The mob at Angepena station, in SA’s northern Flinders Ranges, takes the long dry in its stride.
Story Gretel Sneath Photos Robert Lang
The sun is slowly rising over Angepena Rock, casting its warm glow across the baked red earth surrounding the homestead. The sound of bleating sheep breaks the early morning silence as a small mob of ewes and lambs take dainty steps along the dry creek bed behind the shearers’ quarters, searching for green pick and fallen gum leaves among the pebbles.
Last February, the Frome River was awash, with 43mm of rain blocking road access for several days. Angepena station owner, Tony Nicholls, says it had been bone dry for nearly four years prior to that freak summer downpour. “We had good winter rains in 2016 and we were lambing at 122%, which is unheard of, and then someone turned the tap off,” he says.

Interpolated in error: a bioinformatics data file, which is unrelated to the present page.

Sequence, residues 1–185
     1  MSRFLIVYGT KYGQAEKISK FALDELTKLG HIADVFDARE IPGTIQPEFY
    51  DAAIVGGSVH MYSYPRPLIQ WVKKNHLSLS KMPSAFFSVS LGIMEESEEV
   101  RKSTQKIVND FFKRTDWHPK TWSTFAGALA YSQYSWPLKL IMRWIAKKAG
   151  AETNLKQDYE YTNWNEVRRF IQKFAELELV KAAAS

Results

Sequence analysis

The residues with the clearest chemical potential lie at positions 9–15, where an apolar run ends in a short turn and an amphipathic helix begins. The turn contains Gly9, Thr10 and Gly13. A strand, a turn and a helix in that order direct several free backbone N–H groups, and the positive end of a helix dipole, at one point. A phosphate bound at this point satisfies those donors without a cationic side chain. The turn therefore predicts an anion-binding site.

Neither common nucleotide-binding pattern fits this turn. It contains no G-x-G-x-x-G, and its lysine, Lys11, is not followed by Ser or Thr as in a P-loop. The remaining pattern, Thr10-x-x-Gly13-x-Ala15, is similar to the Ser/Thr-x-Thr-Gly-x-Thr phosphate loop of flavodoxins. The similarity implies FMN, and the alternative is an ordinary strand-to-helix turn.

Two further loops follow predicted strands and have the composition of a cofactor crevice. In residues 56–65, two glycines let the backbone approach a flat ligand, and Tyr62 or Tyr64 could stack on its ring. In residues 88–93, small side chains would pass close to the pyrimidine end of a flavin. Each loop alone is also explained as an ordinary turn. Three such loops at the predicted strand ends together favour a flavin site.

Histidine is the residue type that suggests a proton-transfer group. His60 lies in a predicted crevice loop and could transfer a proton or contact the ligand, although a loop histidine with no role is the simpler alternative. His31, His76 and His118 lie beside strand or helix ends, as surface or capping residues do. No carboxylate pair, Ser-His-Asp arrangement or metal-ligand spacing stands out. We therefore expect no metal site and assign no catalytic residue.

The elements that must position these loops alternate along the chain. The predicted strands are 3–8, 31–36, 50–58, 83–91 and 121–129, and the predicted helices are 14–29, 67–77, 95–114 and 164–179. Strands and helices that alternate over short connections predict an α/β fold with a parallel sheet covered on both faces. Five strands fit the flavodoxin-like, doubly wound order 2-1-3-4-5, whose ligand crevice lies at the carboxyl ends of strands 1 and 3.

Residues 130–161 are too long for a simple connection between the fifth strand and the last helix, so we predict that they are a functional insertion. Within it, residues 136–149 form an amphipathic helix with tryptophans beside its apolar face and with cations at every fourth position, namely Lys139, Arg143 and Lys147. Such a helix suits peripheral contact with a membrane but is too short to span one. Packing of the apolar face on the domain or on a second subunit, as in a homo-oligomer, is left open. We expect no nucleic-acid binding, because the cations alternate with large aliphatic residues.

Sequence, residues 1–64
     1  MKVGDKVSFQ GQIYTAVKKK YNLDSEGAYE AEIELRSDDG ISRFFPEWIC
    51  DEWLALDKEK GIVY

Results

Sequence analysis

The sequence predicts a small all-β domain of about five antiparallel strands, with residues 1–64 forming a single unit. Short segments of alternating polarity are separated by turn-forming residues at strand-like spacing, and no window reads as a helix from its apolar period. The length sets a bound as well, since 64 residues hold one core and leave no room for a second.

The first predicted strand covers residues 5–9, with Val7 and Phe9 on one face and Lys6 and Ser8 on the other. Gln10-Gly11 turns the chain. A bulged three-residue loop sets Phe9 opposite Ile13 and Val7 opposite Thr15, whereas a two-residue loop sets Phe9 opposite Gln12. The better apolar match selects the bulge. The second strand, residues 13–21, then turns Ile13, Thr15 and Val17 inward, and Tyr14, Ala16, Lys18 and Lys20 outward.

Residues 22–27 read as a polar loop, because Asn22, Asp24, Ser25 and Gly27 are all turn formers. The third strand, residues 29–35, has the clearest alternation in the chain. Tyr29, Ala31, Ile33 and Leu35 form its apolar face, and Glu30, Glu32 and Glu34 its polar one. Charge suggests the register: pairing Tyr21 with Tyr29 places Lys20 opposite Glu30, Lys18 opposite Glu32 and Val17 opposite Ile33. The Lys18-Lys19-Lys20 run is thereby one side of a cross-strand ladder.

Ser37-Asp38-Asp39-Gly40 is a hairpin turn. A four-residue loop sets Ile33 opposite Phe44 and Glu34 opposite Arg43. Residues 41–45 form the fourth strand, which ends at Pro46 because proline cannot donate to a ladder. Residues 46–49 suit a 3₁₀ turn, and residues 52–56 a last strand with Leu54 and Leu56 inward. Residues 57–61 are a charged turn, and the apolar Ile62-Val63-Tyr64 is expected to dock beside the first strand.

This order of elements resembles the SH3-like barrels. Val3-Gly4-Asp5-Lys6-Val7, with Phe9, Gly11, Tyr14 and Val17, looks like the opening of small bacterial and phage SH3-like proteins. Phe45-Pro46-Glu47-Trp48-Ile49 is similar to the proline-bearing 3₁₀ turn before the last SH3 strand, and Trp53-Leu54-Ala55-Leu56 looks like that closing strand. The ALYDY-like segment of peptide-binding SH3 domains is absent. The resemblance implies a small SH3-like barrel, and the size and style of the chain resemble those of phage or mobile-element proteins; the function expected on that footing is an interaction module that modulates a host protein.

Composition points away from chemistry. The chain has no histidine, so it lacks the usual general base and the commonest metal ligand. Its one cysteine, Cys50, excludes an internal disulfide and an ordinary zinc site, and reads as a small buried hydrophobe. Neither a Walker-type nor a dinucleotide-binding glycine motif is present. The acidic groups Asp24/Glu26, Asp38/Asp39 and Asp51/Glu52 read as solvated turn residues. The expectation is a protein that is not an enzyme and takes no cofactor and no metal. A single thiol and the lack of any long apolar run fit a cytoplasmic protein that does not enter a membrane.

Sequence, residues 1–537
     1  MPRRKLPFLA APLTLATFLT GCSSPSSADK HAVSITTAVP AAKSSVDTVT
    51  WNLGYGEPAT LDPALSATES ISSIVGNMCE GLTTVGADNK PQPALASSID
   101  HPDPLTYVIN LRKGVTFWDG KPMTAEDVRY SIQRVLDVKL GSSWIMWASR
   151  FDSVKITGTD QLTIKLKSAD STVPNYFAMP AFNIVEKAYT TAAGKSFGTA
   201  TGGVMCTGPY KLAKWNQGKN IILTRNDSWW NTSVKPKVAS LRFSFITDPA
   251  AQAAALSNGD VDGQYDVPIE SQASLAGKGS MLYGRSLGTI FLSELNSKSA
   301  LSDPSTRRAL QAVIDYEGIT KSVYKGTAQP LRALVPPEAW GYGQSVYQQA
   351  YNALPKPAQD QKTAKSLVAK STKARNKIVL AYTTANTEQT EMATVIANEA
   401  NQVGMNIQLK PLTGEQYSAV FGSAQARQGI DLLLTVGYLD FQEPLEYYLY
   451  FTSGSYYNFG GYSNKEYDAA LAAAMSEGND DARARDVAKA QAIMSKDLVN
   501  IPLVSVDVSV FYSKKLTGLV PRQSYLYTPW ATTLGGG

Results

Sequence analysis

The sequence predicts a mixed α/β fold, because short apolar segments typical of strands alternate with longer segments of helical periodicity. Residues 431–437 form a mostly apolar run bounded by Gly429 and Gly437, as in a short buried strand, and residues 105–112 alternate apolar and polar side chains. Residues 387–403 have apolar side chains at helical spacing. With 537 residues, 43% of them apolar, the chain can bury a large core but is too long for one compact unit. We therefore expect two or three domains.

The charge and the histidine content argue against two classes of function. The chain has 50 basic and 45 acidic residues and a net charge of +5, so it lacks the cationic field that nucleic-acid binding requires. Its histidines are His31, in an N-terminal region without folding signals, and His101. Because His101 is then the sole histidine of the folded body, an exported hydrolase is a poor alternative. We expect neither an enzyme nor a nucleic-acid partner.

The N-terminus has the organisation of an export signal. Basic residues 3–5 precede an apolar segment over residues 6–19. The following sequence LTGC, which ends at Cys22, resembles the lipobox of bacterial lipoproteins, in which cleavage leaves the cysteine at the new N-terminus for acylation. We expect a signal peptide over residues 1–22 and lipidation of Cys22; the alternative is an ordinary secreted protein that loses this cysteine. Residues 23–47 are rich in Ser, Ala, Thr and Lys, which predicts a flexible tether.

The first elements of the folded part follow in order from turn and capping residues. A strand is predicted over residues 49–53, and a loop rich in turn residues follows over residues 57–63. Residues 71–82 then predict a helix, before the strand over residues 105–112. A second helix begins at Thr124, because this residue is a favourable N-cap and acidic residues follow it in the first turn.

The tap has only just been turned back on – albeit briefly. In mid-September, Angepena recorded 50mm in 24 hours, with October bringing some welcome follow-up. In the long years between these rare rain events, it’s taken bucket-loads of optimism and an eye-wateringly expensive feed bill to get by.
This story excerpt is from Issue #134
Outback Magazine: Dec/Jan 2021